Thursday 6 August 2015

Science: Make your own Spool Car

This post was first written 1 June 2013 17:51

Did you ever wonder how a wind-up toy works? 

Well, if you open it up you will see all the components that make it up.  You will notice a spring inside too.  It looks more like a ribbon but it's still a spring as when it tightens up it stores potential energy that when released it is what moves the wind up toy!

Potential energy
Potential energy is stored energy that is ready to be used.  There are many different types of potential energy…  Gravitational potential energy, electrical potential energy, heat potential energy and there are more, like mechanical potential energy which we will be the first things we get hands on with in this chapter. When energy is stored up waiting to be used we call it potential energy.

When we wind up our toy we create potential energy.

Kinetic energy

When the stored energy, the potential energy, is released and used to do something, we call this kinetic energy.  Kinetic means movement, and this is because when energy is released it tends to make things move or something to happen!

When we let go, the potential energy is transferred to kinetic energy and the car moves along the table or the ground!

These are our spool cars...

They work in the same way as a wind up toy except our elastic bands are used in place of the spring inside our wind up toy.  We tried sitting them up so it looked like a propeller and we had it on its side when it turned into a spool car.

How do you make one? This is how we made ours...

You will need:
  • A cotton reel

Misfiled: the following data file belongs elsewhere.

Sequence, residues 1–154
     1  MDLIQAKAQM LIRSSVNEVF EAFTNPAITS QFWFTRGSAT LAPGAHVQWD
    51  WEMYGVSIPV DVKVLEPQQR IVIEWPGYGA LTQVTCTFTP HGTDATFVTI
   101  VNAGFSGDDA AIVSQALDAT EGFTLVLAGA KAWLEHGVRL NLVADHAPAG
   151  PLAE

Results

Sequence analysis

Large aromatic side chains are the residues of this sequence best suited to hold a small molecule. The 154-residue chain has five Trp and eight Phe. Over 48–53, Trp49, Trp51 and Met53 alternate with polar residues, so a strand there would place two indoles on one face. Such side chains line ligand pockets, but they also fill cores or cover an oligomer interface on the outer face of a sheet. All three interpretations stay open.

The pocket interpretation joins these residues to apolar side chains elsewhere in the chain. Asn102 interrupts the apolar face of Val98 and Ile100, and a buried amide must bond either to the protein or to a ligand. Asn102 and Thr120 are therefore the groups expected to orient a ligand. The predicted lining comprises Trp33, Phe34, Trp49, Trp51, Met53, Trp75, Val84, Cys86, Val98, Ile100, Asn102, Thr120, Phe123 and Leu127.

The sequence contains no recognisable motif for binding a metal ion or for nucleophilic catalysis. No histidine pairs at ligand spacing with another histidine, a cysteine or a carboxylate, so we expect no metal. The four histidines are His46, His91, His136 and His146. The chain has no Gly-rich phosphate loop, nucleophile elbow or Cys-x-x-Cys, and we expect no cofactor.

• An elastic band (best to have different shapes and sizes so you can experiment)
  • A paper clip (try different sizes to see which works best)
  • Sticky tape
  • A pencil, pen or crayon
  • Washers - something like these

What to do:

1.  Put a paper clip on an elastic band

2.  Thread your elastic band through the centre of your spool

3. Thread a washer through the other end of the elastic band, like this...

4.  Choose a pen, pencil or crayon and put it through the elastic band then twist it and twist it and twist it until it's tight.

Now you are ready to play.  Put it on the table and watch it go.

I have seen these all over the web, all made in different ways you could try experimenting with yours to see which works the best. 
  • You could try to stick down your paper clip with tape or Blu tack to see the difference to the way it works.  Does taping or sticking the paperclip with sticky tack improve the design? 
  • You could try one washer, two washers, more or none. 
  • You can try some dowelling like ours in different thicknesses or a pencil, a pen or crayon.  What works best.  Does the weight of what you use effect how well it works?
  • How far can you make yours travel?  If you make two you can race them to see which is fastest.
  • How strong is your spool car?  Could it climb over a mountain of lolly pop sticks?
  • Try different elastic bands.  Different lengths, different thicknesses.

What makes the spool car move?

Like I mentioned at the beginning of this post, when the spring in the wind-up toy tightens it stores up potential energy that when released is what moves the wind-up toy.  The potential energy (energy that can be used at a later time) is turned into kinetic energy (energy from a moving object)!
The same thing happens when you twist the rubber band; when you twist your elastic band you're storing potential energy.  The potential energy turns into kinetic energy when the rubber band unwinds. 
The paperclip that doesn't go over the sides of the spool turns the pool.  The long pencil, stick, pen or whatever it is you decided to use, next to the washer(s) does not turn because it is longer that the spool's diameter therefore  it is dragged across the surface (the floor or the table) and this is what makes the turning spool moves forward in the way it does.  

I hope you have fun with more of An Ordinary Life's Experiments!

1 comment:

  1. Thanks for the reminder my grandad used to make these. Brilliant.Anita